Figure 3. Rearranged DHFR in an unstable Phase 1 antibody cell line. A) The small red triangles mark the specific productivity (Qp, picograms/cell/day) for a Phase 1 antibody expressing cell line over 150 days in continuous culture. The large black triangles denote the time points (34, 62, 102, 119, and 147 days in culture) at which RNA was prepared for the northern blot shown in Panel B. B) Each lane was loaded with 3 Î¼g of isolated RNA, the gel was transferred to nitrocellulose, and the nitrocellulose was hybridized with probes encoding DHFR and GAPDH. Migration of HC-DHFR, rearranged DHFR, and GAPDH (control) are as indicated.
In referring back to the timeline depicted in Figure 1, this clone had already made it through clone screening and small-scale productivity assessments, and its performance was in the process of being evaluated in benchtop bioreactors. It was considered to be a top performer and a favorite for being selected as the production clone for this project. However, because of its instability, this clone was immediately eliminated as a contender, and both the upstream and downstream groups began to focus their efforts on an alternative clone whose performance was adequate, but relatively inferior, compared to the unstable clone before it became unstable. Although deadlines and material needs were successfully met for this project, some additional bench-scale bioreactor work had to be performed at a late stage on the timeline to sufficiently assess the performance of the alternative clone.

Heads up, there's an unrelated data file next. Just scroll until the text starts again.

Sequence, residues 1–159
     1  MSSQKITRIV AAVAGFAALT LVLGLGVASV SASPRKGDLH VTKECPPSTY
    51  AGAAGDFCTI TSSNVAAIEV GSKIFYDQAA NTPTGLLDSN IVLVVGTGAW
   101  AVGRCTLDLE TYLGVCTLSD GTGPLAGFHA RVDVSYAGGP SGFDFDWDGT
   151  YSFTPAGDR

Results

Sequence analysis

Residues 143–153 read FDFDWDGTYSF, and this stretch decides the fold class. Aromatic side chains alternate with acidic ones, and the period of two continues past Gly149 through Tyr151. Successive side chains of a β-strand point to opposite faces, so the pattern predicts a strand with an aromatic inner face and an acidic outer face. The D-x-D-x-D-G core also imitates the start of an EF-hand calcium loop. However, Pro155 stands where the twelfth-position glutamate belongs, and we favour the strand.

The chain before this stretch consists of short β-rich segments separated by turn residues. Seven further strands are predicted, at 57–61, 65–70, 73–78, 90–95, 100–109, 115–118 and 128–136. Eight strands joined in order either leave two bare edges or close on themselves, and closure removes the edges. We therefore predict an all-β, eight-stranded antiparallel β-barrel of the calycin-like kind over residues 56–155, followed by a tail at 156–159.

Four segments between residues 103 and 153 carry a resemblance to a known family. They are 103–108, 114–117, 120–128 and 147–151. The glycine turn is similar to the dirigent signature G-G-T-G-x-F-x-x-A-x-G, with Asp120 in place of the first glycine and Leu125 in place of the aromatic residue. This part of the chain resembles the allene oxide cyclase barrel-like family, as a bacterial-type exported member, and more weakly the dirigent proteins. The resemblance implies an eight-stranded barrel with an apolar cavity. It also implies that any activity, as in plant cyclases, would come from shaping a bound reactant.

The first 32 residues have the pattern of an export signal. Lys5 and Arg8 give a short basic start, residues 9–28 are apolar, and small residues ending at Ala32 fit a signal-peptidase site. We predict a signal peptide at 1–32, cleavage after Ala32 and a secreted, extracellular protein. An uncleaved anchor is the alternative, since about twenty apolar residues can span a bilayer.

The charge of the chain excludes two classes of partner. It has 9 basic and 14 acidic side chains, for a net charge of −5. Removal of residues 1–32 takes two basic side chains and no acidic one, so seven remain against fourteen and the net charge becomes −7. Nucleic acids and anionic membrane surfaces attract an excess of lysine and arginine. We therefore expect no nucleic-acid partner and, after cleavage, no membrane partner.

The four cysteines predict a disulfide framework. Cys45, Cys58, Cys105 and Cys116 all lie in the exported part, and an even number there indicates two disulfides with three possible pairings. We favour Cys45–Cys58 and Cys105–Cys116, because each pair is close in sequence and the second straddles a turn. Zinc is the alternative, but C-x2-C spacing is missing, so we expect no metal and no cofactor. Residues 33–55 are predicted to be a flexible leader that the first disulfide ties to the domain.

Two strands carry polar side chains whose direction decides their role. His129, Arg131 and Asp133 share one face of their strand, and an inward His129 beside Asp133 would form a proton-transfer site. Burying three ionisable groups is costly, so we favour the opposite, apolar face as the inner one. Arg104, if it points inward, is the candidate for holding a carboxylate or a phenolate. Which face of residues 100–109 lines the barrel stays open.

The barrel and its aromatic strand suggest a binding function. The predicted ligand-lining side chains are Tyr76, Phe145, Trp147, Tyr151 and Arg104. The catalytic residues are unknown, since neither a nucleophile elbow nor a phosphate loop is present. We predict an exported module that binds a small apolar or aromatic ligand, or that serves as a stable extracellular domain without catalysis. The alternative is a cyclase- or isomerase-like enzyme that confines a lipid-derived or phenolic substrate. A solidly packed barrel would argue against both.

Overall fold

Following these results and additional work, alterations were made to our vector strategy. A head-to-head comparison of clones resulting from transfections with both the newly engineered vectors and the previously used ("old") vectors, with the same antibody molecule, showed no differences in recombinant protein expression or cell growth performance during clone screening before cell line adaptation (data not shown). High-producing clones from this head-to-head comparison were grown in continuous culture, and RNA was prepared at various time points and was run on a northern blot hybridized with probes encoding DHFR and GAPDH.
The results are shown in Figure 4A. The lane labeled "old vector clone" contained RNA prepared at a single time point from a single clone derived using the previous vector system, and showed that there was rearranged DHFR transcript present. The other lanes (labeled 1, 2, 3, 4, 5) contained RNA from five clones arising from transfection with the newly engineered vectors at several time points (these time points ranged from 11 to 113 generations). None of these clones were found to have rearranged DHFR. Information contained in Figure 4B shows that of the 12 high-producing clones derived using the new vectors, none exhibited rearranged DHFR transcripts, whereas 9 of the 12 high producing clones derived using the previous ("old") vectors demonstrated a loss of product expression during the same time period, and these latter clones were all found to have rearranged DHFR.